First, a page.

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>Can you really say that the second bit of code is more "complex"?

Yes. Take fastinvsqrt() for example. Cleve Moler learned about this trick from code written by William Kahan and K.C. Ng at Berkeley around 1986.

  float fastInvSqrt(float x) {
    int i = *(int*)&x;
    i = 0x5f3759df - (i >> 1);
    float y = *(float*)&i;
    return y * (1.5F - 0.5F * x * y * y);
  }
Simple instructions, VERY complex code. Not as complex as this one, though, which took almost 20 years to come about:

  float fastInvSqrt(float x) {
    int i = *(int*)&x;
    i = 0x5f375a86 - (i >> 1);
    float y = *(float*)&i;
    return y * (1.5F - 0.5F * x * y * y);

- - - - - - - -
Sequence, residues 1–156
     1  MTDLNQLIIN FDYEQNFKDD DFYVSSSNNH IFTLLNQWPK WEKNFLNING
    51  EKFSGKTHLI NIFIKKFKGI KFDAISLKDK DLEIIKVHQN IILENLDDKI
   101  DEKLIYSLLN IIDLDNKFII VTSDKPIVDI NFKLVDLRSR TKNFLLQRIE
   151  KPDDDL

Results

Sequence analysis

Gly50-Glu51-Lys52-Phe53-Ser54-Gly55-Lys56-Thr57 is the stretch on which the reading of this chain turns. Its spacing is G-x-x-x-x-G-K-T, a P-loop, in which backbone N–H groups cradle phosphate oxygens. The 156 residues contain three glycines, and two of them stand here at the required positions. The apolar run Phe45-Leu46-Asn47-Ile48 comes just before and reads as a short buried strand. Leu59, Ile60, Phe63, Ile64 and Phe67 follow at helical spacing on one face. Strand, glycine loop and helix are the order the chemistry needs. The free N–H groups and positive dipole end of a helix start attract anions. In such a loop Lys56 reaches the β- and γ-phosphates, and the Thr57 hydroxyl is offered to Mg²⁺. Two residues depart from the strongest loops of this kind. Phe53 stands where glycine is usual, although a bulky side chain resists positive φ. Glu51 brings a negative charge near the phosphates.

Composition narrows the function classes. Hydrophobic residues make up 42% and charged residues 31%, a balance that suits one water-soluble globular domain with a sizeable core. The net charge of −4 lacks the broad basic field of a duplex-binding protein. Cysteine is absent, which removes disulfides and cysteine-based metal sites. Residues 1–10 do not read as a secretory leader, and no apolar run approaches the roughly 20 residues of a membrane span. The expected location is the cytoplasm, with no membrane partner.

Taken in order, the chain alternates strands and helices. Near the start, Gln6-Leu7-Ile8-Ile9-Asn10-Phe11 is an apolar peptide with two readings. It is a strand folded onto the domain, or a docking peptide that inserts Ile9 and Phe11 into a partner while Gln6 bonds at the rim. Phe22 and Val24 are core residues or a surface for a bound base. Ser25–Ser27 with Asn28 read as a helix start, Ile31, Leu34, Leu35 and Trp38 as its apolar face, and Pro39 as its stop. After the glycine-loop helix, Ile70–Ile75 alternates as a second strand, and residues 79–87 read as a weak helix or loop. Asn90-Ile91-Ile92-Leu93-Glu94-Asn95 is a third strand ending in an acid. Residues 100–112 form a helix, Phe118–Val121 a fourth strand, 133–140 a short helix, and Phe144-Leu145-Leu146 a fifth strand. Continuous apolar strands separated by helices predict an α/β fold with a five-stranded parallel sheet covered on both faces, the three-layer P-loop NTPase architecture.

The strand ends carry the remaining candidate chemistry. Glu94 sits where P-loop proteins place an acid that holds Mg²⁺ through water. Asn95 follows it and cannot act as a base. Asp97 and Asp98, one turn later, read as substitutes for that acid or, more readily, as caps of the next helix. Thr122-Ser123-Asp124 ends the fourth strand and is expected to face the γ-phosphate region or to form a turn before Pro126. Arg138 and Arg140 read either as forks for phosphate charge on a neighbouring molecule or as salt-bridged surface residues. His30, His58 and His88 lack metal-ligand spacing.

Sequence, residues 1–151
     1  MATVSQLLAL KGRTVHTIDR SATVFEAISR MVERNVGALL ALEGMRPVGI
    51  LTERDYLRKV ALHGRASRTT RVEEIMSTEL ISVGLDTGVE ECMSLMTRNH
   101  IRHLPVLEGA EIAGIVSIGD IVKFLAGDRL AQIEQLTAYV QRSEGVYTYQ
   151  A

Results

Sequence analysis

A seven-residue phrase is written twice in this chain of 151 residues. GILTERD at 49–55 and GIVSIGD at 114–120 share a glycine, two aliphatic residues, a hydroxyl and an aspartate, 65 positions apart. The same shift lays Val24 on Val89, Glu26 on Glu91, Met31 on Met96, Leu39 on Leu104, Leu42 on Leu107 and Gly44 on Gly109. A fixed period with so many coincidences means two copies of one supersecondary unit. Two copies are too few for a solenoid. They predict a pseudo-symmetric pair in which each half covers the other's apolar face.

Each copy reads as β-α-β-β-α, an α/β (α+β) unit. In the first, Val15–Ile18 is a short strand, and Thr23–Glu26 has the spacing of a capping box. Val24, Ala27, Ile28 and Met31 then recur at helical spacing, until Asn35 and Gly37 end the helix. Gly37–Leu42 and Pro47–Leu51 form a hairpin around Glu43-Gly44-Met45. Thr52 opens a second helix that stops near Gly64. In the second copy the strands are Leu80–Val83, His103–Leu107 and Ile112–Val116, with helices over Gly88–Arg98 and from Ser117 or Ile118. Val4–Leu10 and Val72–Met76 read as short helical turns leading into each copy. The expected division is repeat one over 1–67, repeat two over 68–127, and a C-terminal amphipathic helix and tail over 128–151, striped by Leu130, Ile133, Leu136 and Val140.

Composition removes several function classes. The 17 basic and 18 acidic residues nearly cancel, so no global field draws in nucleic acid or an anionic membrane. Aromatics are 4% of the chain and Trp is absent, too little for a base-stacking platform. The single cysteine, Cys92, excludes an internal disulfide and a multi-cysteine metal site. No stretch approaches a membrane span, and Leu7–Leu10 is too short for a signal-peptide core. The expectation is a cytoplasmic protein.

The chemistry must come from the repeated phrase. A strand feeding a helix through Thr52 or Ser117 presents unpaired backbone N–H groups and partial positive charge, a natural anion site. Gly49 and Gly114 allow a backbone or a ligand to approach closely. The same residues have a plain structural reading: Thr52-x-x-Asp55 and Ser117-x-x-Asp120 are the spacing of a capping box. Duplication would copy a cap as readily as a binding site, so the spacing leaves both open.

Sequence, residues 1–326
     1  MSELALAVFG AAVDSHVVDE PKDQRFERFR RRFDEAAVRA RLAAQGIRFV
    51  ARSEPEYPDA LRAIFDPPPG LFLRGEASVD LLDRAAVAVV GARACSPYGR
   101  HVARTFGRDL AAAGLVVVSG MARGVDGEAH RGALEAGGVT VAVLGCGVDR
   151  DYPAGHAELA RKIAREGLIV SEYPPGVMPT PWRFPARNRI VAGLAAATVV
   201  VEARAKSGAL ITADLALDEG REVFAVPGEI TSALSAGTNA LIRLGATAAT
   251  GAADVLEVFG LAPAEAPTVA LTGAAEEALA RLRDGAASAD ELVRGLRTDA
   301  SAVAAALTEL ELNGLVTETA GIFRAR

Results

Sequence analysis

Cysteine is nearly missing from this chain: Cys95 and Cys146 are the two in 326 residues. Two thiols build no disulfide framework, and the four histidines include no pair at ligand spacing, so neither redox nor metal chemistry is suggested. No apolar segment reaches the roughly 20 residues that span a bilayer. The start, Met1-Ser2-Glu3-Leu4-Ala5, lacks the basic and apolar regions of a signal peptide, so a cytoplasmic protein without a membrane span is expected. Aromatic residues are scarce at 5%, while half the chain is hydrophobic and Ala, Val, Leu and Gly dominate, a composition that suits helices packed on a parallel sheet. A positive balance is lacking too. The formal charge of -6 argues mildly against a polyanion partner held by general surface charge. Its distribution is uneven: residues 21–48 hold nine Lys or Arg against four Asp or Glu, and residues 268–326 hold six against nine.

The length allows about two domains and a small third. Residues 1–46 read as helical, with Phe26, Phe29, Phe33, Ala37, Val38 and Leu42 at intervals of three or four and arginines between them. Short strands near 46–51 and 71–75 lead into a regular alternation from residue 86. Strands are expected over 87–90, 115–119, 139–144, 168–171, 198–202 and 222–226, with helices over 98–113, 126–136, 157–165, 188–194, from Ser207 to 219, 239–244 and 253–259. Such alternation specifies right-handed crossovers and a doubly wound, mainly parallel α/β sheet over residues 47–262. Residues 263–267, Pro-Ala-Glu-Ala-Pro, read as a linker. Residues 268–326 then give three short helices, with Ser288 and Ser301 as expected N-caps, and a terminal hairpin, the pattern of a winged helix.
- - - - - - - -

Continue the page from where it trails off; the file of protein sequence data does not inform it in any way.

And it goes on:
}
Chris Lomont says "The new constant 0x5f375a86 appears to perform slightly better than the original one. Since both are approximations, either works well in practice. I would like to find the original author if possible, and see if the method was derived or just guessed and tested."



A model aircraft can be simple, but an understanding of principles for designing it can be hard. IMHO, these two pieces of code are extremely simple, in terms of logic, instructions and computations. But they are sophisticated, the second is even more sophisticated than the first.

Root of the debate: words are not well-defined.




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